GUB CANDIDATES ON TAXES: With the Maryland gubernatorial election approaching, the seven major candidates are taking a stance on one of the state’s hot-button issues: taxes. CNS’s Sarah Tincher reports in the MarylandReporter.com that, in response to a Capital News Service questionnaire, the gubernatorial hopefuls expressed their thoughts on the state’s current estate tax and personal and corporate income tax policies, and proposed their tentative plans of action.
ON CANNING STATE PROSECUTOR’S OFFICE: The Sun editorial board opines that it is tempting to dismiss Attorney General Doug Gansler’s proposals to reduce state spending on the basis of his spectacularly bad idea of eliminating the state prosecutor’s office. Getting rid of the one semi-independent actor in Maryland’s political establishment with the power to investigate public corruption is exactly the wrong thing to do. However, the rest of the Democratic gubernatorial candidate’s plan includes a number of thoughtful observations about Maryland’s $38 billion budget and some sensible approaches to making it more efficient.
- Brian Griffiths of Red Maryland agrees with the Sun on the elimination of the state prosecutor’s office, writing that as conservatives we are fully in favor of government efficiency, but the idea of eliminating the state prosecutor’s office is probably one of the craziest ideas he has seen in some time. By coming out in support of its elimination, Gansler has decided to cast his lot with the corrupt and the wicked.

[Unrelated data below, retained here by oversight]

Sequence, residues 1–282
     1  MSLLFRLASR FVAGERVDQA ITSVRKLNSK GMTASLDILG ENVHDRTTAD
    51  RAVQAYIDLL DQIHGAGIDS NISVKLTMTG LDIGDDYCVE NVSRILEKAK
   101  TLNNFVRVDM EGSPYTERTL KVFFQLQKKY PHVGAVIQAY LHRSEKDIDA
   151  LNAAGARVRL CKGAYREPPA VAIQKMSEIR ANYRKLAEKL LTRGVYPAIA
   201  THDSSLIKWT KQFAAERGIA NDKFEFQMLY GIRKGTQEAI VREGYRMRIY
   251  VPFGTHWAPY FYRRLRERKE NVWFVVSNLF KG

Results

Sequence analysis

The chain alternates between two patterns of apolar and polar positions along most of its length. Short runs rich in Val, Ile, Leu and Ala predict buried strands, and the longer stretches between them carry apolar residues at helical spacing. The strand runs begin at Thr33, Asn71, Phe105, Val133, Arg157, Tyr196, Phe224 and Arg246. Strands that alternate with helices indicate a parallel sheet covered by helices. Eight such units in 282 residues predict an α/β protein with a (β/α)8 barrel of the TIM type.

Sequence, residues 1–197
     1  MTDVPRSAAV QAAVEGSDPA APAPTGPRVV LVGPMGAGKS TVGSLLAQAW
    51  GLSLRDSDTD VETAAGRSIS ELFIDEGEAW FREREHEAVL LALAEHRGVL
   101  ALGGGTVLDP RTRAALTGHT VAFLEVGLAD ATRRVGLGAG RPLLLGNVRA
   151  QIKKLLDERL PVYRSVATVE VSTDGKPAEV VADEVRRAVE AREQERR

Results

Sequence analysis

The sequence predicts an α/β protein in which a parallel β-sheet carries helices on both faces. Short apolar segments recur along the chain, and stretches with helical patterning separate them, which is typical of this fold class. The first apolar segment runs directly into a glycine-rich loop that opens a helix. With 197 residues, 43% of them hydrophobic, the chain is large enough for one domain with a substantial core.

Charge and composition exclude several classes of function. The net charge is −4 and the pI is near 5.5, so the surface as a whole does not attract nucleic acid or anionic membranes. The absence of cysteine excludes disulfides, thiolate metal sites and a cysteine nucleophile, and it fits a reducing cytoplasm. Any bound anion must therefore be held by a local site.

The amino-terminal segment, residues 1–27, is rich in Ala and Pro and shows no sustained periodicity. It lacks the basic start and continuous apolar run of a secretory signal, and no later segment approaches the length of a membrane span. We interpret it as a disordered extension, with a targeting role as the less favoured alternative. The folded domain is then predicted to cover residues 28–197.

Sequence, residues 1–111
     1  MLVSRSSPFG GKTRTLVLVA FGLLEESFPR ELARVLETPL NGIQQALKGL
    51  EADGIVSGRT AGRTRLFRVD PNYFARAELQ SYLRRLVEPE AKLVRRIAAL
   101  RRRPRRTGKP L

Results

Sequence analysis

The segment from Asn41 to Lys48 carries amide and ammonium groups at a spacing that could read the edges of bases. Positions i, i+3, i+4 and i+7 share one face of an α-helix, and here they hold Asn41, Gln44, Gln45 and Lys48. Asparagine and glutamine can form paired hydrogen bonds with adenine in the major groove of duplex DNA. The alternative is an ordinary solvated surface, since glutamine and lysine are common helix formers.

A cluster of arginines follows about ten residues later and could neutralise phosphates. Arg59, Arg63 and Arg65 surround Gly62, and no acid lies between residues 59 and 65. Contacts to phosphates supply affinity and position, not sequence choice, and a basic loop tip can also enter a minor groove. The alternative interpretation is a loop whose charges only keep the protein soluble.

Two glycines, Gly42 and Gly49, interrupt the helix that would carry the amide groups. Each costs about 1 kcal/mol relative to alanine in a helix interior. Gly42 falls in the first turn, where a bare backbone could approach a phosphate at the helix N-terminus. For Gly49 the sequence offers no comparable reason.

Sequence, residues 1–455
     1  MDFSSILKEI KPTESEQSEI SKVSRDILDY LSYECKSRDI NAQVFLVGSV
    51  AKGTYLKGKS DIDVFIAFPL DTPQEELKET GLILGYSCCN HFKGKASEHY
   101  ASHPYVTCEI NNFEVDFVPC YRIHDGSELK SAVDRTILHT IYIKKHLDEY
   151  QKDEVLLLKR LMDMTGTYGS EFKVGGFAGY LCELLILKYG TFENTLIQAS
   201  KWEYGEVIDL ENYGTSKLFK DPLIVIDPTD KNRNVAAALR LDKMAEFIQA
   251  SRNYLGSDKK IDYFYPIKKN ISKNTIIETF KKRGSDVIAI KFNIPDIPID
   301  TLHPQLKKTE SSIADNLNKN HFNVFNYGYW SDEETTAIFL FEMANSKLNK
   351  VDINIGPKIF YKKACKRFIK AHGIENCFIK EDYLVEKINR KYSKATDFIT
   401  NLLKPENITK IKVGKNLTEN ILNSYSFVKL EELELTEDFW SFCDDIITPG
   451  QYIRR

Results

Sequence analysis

GANSLER ON HEALTH CARE: Gubernatorial hopeful Doug Gansler is keeping the focus on health care in his latest television ad, writes John Wagner for the Post. In the 15-second spot, Gansler tells viewers that “health care is a right.” “As attorney general, I fought insurance companies when they denied coverage to families and children,” Gansler says. “And as governor, I’ll deliver health reform to the people of Maryland, no excuses.”
DISCLOSE FRACKING CHEMICALS: Who should have access to specific information on the toxicological, epidemiological and exposure-related information of the chemicals used in hydraulic fracturing? That question is currently being taken up by Maryland’s Marcellus Shale Advisory Committee. The editorial board for the Frederick News Post writes that it believes that any and all chemicals used in fracking should be available to the medical community and the general public as well. This remains a disputed drilling technology, and being informed about its chemical components is something the public should insist upon.
BAIL PROCEDURES REFORM: Gov. Martin O’Malley has said he may issue an executive order creating a pilot program for reforms to criminal bail procedures, according to an AP story in the Daily Record. It would be the next chapter in Maryland’s efforts to comply with a Court of Appeals ruling that defendants have a right to legal counsel at every bail hearing. Legislators failed to agree on a solution this past session.
FRANCHOT URGES OK FOR WIND PROJECT: Comptroller Peter Franchot urged Gov. Martin O’Malley on Wednesday to veto a bill that would halt a major wind energy project on the Eastern Shore, arguing that Somerset County desperately needs the jobs the project would generate, writes Erin Cox of the Sun.
- The Salisbury Daily Times is reporting that Franchot cited estimates of more than 500 construction jobs, $44 million in tax revenues and $200 million in new investment in Somerset County, where 2013 unemployment averaged 10.2% and more than 1 in 5 residents live in poverty.